You are either tired of hearing about this, or you are 100% immersed. You are either completely against it or holding on to any shred of evidence that you are right in your defense of such outlandish thoughts and behavior. I’m talking about Lavar Ball. I’m reluctantly talking about Lavar Ball. Trust me, I do not want to talk Lavar Ball. I am not a fan of extra people, and he is the very definition of the term, in my opinion. He does too much for my taste, and he loves the spotlight to shine brightest on him. Lavar Ball is the dude in high school that hangs with the cool kids and the athletes despite being neither; however, he’s obnoxious and kind of funny so everybody knows him.
After his multitude of media appearances that seemed to transform him from overzealous dad to all-out victim of the fire-breathing dragon that is fame, he became somewhat of a divisive figure. I mean, my man was skinning and grinning in front of any camera available, stretching his 15 minutes of fame into at least a half hour sitcom.
I don’t often agree with Stephen A. Smith, but when he emphatically declared to Lavar that something was indeed wrong with him, I agreed. However, among the loose strands of Lavar’s twisted proclamations, warped sense of reality, and insistence to dwell in utter delusion may – just may- lie a genius element. Some of the most maniacal characters in movies, comics, and the like were simply wayward geniuses. By no means am I saying Lavar Ball is a maniac.
Follow me for a second:
Two weeks ago, it became public knowledge that the Balls were politely shown the door by the three major sneaker companies due to Lavar’s requirement of a partnership that would lead to co-branding his much maligned Big Baller Brand. Lavar has reiterated that his boys will not be taken the cash cow for any other entity other than the Ball family. We all called BS on it. Amidst the onslaught of scrutiny from professionals and Twitter commentators alike – and him being laughed out of the door – Lavar stuck to his guns.
Days after being the laughing stock, Big Baller Brand dropped the ZO2 independently. I’m not going to get into the analytics of how much money was made because frankly I don’t care. In fact, I actually hope it works out for the family. I’m all for ownership. I’m not for burning bridges along the way, but ownership is key. I wish nothing but blessings to the Big Baller Brand on their journey to break the mold.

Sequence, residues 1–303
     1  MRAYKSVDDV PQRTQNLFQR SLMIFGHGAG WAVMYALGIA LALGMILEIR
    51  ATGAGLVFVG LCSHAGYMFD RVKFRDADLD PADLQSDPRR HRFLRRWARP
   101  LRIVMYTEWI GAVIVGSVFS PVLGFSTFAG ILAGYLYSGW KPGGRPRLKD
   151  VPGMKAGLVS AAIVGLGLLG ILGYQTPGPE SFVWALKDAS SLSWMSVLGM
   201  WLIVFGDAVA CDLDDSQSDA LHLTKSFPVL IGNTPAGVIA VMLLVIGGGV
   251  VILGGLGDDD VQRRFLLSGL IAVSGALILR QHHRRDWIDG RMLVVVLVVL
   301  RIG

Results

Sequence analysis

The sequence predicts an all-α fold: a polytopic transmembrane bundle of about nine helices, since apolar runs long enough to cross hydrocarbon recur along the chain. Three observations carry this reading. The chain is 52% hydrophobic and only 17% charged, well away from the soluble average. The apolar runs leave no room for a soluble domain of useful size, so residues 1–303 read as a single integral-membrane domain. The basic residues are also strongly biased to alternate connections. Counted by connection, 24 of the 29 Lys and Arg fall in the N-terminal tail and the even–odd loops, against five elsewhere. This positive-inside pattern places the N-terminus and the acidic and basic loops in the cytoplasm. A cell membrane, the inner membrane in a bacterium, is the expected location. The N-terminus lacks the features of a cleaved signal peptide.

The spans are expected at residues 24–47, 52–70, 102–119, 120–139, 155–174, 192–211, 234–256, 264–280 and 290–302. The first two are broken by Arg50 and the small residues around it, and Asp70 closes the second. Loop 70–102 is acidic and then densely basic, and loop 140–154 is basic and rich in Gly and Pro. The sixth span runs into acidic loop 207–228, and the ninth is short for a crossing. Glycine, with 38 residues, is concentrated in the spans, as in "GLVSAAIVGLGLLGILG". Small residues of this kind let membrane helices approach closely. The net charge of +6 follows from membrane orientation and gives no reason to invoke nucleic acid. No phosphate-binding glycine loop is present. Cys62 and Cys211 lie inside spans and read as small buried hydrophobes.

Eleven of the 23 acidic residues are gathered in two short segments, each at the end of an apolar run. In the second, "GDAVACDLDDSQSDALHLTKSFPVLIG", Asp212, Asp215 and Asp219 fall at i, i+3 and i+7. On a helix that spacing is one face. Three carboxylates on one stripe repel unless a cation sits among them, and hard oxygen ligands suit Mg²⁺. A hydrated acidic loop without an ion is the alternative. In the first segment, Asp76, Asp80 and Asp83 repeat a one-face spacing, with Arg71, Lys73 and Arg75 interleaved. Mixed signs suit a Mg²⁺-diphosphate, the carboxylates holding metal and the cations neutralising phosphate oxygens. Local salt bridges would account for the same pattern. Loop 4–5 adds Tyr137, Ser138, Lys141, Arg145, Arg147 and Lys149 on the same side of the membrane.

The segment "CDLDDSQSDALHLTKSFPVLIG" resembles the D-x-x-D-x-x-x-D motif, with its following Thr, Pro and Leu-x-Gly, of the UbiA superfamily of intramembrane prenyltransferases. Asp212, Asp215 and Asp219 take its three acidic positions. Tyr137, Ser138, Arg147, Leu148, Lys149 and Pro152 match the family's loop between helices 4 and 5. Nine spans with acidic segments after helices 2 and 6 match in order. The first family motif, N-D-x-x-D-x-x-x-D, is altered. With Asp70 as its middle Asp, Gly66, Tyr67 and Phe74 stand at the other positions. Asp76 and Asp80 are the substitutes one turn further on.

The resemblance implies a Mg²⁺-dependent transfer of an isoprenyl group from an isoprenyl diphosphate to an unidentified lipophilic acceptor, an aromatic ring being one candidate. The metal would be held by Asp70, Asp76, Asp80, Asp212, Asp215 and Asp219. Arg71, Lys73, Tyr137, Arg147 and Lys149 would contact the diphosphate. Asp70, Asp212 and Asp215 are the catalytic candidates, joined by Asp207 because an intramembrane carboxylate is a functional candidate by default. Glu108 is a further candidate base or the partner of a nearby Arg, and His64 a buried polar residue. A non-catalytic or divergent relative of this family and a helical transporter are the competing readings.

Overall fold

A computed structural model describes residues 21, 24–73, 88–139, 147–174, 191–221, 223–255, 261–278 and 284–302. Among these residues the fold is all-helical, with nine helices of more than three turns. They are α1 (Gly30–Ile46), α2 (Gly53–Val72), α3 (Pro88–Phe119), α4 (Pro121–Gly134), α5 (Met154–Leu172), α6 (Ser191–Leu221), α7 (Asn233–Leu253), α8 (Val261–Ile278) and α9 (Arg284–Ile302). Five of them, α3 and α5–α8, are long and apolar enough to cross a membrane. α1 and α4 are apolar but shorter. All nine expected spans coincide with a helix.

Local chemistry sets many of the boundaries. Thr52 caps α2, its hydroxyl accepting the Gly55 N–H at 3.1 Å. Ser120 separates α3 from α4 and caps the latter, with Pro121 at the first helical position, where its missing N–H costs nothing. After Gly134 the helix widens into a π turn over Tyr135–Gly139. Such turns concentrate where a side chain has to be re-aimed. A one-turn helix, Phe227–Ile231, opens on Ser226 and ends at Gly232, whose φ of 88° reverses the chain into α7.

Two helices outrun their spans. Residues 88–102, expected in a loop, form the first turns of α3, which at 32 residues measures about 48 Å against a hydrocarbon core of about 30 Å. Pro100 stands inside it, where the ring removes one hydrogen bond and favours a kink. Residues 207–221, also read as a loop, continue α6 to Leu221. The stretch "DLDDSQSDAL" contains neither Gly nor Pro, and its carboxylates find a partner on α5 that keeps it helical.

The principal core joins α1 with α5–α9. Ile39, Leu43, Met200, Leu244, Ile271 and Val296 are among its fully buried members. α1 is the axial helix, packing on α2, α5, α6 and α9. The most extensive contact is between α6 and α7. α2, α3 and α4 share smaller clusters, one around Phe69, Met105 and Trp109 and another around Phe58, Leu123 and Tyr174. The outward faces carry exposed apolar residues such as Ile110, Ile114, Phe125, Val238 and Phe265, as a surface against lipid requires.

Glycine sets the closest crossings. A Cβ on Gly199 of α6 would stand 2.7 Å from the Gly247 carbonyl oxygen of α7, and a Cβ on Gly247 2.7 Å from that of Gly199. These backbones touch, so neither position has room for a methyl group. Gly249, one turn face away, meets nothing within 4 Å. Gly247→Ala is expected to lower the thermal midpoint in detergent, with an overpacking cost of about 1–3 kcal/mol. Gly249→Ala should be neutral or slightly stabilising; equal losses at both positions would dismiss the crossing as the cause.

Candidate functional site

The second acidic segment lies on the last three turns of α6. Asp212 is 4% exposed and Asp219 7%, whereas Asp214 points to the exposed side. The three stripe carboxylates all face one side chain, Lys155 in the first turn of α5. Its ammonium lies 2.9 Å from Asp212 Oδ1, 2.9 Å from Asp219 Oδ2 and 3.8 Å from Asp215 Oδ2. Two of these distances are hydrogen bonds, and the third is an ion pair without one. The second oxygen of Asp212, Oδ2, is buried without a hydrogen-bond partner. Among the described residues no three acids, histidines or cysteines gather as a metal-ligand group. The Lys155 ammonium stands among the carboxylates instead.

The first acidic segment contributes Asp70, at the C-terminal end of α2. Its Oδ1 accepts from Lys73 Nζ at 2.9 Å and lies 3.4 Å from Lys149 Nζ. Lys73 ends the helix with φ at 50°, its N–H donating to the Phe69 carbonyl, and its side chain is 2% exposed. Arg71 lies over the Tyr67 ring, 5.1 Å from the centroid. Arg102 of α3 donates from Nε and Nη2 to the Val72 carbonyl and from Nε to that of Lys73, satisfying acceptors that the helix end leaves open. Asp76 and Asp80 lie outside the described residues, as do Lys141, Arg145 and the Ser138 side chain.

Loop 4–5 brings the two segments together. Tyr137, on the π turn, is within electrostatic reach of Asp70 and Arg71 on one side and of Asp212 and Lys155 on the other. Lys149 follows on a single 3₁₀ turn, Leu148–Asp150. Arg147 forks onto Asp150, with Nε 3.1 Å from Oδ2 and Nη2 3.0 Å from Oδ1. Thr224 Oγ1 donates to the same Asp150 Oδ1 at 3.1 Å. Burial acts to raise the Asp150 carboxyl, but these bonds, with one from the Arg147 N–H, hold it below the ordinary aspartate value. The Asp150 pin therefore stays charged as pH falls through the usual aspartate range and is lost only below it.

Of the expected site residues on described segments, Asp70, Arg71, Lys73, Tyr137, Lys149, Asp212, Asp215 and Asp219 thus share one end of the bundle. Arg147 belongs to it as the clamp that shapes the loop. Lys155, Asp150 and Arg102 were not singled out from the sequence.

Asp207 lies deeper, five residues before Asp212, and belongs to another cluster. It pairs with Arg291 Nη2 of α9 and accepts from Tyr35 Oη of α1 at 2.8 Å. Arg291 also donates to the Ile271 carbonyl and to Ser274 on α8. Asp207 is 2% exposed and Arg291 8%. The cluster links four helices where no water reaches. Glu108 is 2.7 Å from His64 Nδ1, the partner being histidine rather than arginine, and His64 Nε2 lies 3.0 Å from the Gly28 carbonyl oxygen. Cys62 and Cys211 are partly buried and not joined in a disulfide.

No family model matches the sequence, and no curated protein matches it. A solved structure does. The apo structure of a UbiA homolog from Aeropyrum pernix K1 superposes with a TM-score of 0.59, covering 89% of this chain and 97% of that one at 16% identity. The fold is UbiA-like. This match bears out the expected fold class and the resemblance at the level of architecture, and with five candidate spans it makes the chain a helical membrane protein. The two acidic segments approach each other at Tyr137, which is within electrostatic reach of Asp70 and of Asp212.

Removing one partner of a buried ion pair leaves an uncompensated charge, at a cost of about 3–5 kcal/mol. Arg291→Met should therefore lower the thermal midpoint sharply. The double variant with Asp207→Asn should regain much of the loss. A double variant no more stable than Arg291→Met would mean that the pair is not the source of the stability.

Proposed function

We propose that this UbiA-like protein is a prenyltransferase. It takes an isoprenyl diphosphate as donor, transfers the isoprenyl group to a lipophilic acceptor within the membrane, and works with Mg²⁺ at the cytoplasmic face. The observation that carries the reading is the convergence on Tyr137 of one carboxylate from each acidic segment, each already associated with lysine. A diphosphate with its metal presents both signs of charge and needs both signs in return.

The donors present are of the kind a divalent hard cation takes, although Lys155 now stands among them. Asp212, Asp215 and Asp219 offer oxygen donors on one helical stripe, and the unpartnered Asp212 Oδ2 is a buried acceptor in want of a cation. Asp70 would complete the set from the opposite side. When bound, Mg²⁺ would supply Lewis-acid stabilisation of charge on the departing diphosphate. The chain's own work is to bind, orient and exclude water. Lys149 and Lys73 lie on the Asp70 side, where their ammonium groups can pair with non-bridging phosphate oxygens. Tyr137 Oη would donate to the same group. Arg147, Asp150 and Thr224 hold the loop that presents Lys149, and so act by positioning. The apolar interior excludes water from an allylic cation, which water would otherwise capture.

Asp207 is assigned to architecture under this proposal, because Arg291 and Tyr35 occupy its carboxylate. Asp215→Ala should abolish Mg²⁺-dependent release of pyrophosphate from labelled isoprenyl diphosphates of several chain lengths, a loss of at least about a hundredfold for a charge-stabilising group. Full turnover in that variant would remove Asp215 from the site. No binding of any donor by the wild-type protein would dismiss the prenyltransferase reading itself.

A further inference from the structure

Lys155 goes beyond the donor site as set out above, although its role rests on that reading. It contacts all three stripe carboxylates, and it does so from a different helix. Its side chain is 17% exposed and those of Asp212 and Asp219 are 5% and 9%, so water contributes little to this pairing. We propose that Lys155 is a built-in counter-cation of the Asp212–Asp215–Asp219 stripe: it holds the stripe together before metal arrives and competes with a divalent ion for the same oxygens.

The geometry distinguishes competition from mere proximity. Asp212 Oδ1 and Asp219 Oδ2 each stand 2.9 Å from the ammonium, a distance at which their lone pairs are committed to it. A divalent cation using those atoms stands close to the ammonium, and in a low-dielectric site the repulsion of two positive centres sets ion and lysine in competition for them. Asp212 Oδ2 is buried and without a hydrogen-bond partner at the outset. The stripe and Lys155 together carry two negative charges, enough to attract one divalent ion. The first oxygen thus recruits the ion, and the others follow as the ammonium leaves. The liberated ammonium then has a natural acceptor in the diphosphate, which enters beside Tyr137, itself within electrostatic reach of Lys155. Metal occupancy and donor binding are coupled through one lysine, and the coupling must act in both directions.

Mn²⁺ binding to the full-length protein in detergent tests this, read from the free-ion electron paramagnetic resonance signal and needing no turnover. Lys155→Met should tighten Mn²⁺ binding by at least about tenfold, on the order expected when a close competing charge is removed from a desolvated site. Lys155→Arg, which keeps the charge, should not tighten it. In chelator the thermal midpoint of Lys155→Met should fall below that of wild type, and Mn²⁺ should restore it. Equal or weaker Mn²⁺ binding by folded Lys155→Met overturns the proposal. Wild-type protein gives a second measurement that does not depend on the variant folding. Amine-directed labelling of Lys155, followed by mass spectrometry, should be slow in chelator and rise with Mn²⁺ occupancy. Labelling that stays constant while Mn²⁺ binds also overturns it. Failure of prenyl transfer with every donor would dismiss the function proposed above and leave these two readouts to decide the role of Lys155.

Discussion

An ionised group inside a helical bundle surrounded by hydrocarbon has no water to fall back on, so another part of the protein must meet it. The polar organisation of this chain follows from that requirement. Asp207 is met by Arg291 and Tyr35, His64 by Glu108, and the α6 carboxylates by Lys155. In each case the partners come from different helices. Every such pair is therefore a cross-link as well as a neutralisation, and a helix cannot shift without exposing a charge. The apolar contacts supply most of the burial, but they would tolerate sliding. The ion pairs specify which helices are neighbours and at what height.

Beyond that, the shoes are hideous. Absolutely hideous. There’s not a single redeeming quality about the ZO2. They look like a knockoff pair of Maury’s with phony boost technology and an imitation Kobe 11 outsole. If I’m being 100% honest, I hated the shoe when I first saw it. Hated it! My pops was notorious for thinking Attack Force kicks from Payless compared favorably to the brand name counterparts they loosely imitated. The ZO2 look like a pair he would bring home, saying they “look just like [insert Nike shoe here]”.
The problem is, these low-budget carbon copies are anything but that. They are actually the polar opposite. Big Baller Brand’s first shoe was served to us in a luxurious patent leather snakeskin wrapping. Though this doesn’t stop the shoe from looking like a bad purse from the 80’s that would be worn by a frequent Miami club hopper with spritzed bangs and larger than normal shoulder pads in the jacket of her pant suit, it did allow for BBB to market the shoe as high-end and slap a very designer-esque $495 price tag on it.
I laughed hysterically when I saw that. Now, I was a shoe dude for many years of my life. I love sneakers as much as the next man, but half a rack? What exactly am I paying for? Style? No. Technology? No. In my mind, $500 is too much for TWO pair of shoes. Not to mention, I haven’t said “baller” since I was trying to explain to my mom which AND 1 shirt I wanted from the local Foot Locker in the early 2000’s. Put it like this, my favorite shoe of all-time is the Royal Jordan 1. My grails are the Lebron 7 “Red Carpet.” The Air Jordan 11 Low “Columbia” features my favorite color on my favorite silhouette and are laced with a number of fond childhood memories. Guess what? I don’t own any of them. I am not paying that much for shoes, bruh. I’m just not. I’m especially not paying that much for a pair of hoop shoes. I can’t even drop $200 on kicks anymore. Five years ago, I would have no problem doing so. As a soon to be married 34-year old man that is currently a part of the growing middle class, there is no way I can plausibly explain to my soon to be wife that spending over $200 on sneakers is a good idea. When I brought up the price tag of the ZO2 to her – strictly to get a reaction- she didn’t even care what they looked like or the story behind it. She simply giggled and moved on to the next subject.
The sneaker rollout caused mass hysteria, again. Interest in the brand spiked, as did their sales. The ZO2 led almost every news show –sports and otherwise- for two days straight. This is the strand of eccentric genius spoken about above that Lavar Ball may possess. I’m not here to say he’s right or wrong for his way of going about business or how he has raised “his boys.” I applaud the family for their sons making it as far as they have. It is no easy task. I hope he makes tons of money and changes the very landscape of athlete relationships with sneaker companies. I salute him with a standing ovation for sticking to his independent guns. Again, I wish a long, illustrious career to all of the Ball brothers in the league. Saying all of this, it is imperative for Lonzo to be great, and be great in a hurry. Being a good, solid pro is not good enough at this point. Average rap bars aside, the responsibility of Big Baller Brand rests on his slightly sloped shoulders. Hopefully, the first peek of Lonzo on an NBA court looks better than the ZO2 will.
**Note** This is Example 2/5 of our coiski 101: How to Effectively Write Descriptive Articles lesson.